Monte records some updates into a computer about his situation and says he’s doing what he can to conserve electric power. Near the end of his recording he makes an offhand comment that it will be many years before anyone even hears what he is saying. The glib reference to his desperate situation seems a way of keeping sane. Soon after we see him move, from a storage room, the cryogenically frozen corpses of three of his companions. He gently dresses them in their cloth space suits (the costumes have an earthy, tactile feel) and carries them to a hatch where he releases them into space. There no longer seems to be any reason to use the energy to preserve them, in the unlikely event some scientist could revive them at a future date. The question of the spaceship’s mission arises: was it part of a cryogenics experiment, in which dead people are kept in a state of frozen preservation until a cure is found for whatever killed them? It turns out that the truth is closer to the opposite.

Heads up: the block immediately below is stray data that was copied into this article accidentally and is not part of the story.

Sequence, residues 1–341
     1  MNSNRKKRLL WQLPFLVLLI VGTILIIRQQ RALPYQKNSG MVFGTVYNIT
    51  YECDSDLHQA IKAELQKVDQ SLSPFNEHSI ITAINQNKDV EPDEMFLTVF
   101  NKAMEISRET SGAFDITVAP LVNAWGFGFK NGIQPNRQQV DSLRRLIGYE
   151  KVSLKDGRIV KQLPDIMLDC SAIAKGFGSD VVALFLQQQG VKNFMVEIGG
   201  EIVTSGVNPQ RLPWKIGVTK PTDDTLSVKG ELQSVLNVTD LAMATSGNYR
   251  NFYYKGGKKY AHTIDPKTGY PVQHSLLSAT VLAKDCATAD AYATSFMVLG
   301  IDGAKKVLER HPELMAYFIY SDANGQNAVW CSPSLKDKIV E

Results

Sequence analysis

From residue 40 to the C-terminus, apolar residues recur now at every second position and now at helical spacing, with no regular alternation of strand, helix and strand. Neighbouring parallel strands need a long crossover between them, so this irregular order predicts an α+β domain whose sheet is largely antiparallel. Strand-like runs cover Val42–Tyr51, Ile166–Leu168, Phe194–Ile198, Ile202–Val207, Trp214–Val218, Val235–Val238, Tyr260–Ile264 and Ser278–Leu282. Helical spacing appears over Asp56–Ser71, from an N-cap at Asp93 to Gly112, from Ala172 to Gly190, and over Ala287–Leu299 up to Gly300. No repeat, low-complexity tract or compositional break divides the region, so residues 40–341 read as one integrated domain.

Recent past events unfold in fragments; there are glimpses of older memories. We see Monte as a child, with a red-haired girl and a dog. We see the dead companions when they were alive on the ship as well as bits from their earlier lives. We learn, partly through an occasional voiceover from Monte, that he and his shipmates are part of a mission to study human reproduction in space. Willow is clearly a successful outcome. We also learn that the subjects had been incarcerated on earth for various crimes, some committed when they were very young. Despite having been chosen for their physical strength and vitality, all of the subjects on board are dealing with various levels of pain or psychopathy in their pasts. And yet there is no established law and order, or even rules of proper conduct, on the ship. The only authority figure is the fertility doctor.